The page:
The story of Olmsted who designed some of North America’s most famous public spaces
When the great cities of North America were being built, little thought was given to the idea of creating “green spaces.” But these oases from the dirt, gravel, and noise of the crowded city streets were exactly what were needed. One of the few people to recognize this fact was Frederick Law Olmsted, North America’s first landscape architect.
Combining his love of nature with his admiration for the structured beauty found in the great public parks of London and Paris, Olmsted turned neglected, swampy acres on the edge of New York City into one of the most acclaimed parks in the world: Central Park. But Olmsted’s success was not earned overnight. He spent many years wandering from job to job, searching for the perfect career. And when he finally discovered his passion, few people were confident in his abilities. But Olmsted fought for the preservation of areas like Yosemite in the USA, and his perseverance would be rewarded: he went on to design some of the most famous public spaces in North America.
Frieda Wishinsky is the author of many acclaimed books for children, including Oonga Boonga and Each One Special. She grew up in New York City, where, as a child, she played in Central Park. The memory of those happy times inspired this book. Frieda Wishinsky now lives in Toronto with her family and continues to enjoy city parks.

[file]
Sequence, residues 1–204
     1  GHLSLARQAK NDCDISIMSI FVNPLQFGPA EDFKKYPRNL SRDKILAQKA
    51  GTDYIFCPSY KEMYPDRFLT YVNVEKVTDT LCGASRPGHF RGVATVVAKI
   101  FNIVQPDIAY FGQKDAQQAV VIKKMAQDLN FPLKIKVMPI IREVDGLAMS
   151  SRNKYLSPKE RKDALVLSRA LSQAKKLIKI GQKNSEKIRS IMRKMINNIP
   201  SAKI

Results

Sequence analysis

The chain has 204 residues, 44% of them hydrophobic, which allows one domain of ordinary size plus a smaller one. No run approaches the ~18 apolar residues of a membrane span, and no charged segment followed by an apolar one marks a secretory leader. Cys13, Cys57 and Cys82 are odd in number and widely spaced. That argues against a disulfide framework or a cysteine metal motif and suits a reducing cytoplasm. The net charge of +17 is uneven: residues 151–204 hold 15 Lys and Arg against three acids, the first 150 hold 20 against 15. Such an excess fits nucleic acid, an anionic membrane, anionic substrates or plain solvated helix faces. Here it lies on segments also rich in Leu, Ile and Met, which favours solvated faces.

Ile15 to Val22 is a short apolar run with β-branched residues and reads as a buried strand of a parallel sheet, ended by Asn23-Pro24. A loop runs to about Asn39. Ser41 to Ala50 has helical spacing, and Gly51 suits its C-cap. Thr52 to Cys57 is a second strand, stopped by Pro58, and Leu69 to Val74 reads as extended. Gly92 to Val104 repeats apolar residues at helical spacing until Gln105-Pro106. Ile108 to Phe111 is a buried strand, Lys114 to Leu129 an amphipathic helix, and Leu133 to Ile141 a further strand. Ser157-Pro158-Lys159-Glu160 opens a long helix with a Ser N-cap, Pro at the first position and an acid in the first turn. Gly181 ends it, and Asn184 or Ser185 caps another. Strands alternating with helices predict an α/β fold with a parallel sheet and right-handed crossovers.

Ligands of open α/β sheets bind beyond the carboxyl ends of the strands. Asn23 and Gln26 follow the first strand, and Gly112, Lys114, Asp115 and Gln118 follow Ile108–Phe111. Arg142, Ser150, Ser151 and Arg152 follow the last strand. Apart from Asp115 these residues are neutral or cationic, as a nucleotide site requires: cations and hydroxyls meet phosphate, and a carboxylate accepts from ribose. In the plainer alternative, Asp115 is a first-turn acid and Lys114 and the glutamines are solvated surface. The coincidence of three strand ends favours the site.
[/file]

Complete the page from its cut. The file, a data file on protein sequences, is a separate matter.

Song Nan Zhang was born in Shanghai. He received a master’s degree from the Beijing Central Institute of Fine Arts, and his paintings have been exhibited in galleries around the world. After teaching at the Central Institute for several years, he visited Montreal, Canada, and decided to settle there with his wife and two sons to pursue his painting full time. His works on canvas have been regularly exhibited in eastern Canada, notably at the Montreal Museum of Fine Arts.
“The straightforward text is informative, and the many colorful pencil illustrations add greatly to the book’s appeal . . . [This] illustrated biography makes its statement with style.”— Booklist
“The text brings Olmsted to life . . .” — School Library Journal
“It’s a rich tale of a man finding his true calling and a nation finding a visionary…”
–San Francisco Chronicle